Update: Solo Stoves has launched a new version of the Ranger, Bonfire, and Yukon Stoves.
Sitting around a fire camping or in the backyard is one of my favourite things to do. There’s just something about the fire crackling between family and friends that soothes the soul.
After years of trying to find a good fire pit and just using whatever was there camping, I found the Bonfire, a beautiful stainless steel fire pit from Solo Stove.
Started by Jeff and Spencer Jan making high quality, lightweight backpacking stoves that burned wood. Those got popular and then branched out into premium backyard fire pits which have taken off as well.
The Solo Stove fire pits come in three different sizes: the Ranger, Bonfire and Yukon. The Ranger is the smallest at 15 inches across, 12.5 inches tall, and weighing 15 pounds. The Yukon is the largest size weighing 38 pounds, 27 inches across and 17 inches tall. The Bonfire in this review is in the middle, weighing 20 pounds, 19.5 inches across and 14 inches tall.
The design of the 3 Solo stoves is exactly the same. They’re a minimalist, double-walled metal cylinder with an angled ring around the top. Inside the bottom is full of holes to keep air flowing around the fire. Around the outside of the bottom is a ring of holes that can suck air in the from the outside. Just inside the top of the inside is another ring of holes to let the superheated air out of the walls. More on that below.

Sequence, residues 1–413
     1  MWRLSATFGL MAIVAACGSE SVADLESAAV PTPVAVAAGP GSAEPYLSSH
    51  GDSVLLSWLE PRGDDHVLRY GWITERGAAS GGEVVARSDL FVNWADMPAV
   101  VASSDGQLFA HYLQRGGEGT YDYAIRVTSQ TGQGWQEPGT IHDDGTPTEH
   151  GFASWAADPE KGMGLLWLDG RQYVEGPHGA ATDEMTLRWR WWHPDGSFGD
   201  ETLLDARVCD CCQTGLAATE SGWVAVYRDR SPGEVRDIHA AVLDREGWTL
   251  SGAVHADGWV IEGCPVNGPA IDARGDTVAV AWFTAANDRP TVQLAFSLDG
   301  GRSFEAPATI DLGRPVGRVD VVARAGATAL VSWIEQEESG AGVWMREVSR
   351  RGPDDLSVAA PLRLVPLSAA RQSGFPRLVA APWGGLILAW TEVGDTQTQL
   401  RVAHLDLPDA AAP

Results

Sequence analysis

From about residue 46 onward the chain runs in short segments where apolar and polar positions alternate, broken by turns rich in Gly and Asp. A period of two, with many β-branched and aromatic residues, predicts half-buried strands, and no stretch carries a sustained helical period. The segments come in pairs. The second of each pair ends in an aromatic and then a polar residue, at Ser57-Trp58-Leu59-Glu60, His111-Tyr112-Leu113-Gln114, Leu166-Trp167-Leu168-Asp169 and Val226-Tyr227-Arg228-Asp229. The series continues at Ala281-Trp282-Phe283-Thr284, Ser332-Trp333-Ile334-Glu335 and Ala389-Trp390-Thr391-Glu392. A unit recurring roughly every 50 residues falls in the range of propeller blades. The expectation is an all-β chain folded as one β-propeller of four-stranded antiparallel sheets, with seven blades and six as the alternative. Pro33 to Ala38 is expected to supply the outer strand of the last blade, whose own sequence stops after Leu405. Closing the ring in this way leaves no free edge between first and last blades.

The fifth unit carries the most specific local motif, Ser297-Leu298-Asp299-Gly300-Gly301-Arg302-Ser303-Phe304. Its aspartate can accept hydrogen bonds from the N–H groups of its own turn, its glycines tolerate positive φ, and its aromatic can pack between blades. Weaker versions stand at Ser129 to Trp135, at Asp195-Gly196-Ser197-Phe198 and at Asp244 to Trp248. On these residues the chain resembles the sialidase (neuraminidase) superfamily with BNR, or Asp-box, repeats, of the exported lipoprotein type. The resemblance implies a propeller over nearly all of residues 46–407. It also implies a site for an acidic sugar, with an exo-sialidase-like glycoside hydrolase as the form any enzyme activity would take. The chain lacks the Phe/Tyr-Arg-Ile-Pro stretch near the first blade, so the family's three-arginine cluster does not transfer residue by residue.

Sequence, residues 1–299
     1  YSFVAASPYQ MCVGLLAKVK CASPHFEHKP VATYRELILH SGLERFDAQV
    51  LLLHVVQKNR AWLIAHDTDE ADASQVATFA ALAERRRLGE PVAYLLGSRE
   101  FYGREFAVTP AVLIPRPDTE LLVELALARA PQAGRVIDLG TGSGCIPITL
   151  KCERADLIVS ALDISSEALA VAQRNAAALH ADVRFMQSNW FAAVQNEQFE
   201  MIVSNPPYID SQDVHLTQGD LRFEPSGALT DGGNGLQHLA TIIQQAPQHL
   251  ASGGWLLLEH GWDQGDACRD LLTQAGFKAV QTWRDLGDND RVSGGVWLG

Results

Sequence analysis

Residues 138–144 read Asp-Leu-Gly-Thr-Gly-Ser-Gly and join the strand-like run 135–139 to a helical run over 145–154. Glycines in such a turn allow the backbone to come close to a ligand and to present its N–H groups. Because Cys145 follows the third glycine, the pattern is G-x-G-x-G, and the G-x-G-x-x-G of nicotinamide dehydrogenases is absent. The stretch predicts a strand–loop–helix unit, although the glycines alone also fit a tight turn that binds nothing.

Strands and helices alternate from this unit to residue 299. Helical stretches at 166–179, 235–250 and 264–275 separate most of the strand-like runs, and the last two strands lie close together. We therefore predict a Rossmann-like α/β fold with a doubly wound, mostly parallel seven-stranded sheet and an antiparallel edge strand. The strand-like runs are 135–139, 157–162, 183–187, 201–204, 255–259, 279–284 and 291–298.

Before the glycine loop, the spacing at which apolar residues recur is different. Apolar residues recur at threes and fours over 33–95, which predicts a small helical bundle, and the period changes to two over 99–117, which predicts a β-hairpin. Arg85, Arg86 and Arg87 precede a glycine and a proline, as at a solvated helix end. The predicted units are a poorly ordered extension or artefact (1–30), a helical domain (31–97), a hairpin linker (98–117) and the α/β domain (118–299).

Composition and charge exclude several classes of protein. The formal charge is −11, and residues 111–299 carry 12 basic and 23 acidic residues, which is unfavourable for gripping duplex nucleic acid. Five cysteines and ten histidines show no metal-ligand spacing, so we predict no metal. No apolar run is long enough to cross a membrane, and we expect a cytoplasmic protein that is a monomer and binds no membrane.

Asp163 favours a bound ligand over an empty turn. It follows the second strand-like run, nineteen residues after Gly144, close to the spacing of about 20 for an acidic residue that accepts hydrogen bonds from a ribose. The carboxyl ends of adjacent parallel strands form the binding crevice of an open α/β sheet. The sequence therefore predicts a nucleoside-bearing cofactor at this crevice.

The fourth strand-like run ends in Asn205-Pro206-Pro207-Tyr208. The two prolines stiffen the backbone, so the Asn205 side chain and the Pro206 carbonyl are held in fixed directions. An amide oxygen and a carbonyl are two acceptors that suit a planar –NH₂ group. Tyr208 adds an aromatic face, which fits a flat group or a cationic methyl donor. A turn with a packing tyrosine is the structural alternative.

Why use a fire pit?
What’s the point of a fire pit? Why not just use a ring of rocks?
In the backyard, having a fire pit makes obvious sense. A ring of rocks doesn’t look very clean and might not be safe if you have kids around. Semi-permanent fire pits are easier to build and look better when you see them every day.
Designated, paid campsites usually have some sort of fire ring or fire pit as well. They have thousands of campers use them every year and it wouldn’t work well or be safe to have people making their fires anywhere they wanted. Sometimes these pits aren’t the cleanest, full of others garbage or the random junk the previous campers burnt last.
Overlanding or camping in free camping areas often just have a ring of rocks or pile of coals where the fire was last. These too can be full of garbage and in a free camping area are rarely cleaned up to leave no trace.
Bringing your own fire pit can help with all these problems.
The Solo Stoves fire pits look great so you can have them set up in the backyard without looking like a cheap campsite.
In a campsite or free camping area, using your own fire pit keeps your fire clean of others’ garbage. You know exactly what wood and firestarter went into your fire. You know you aren’t breathing plastic garbage from less caring campers.
When you leave, you can pack up your fire pit and all traces of the fire to take out with you. No one will know you had a fire there. Leave no trace.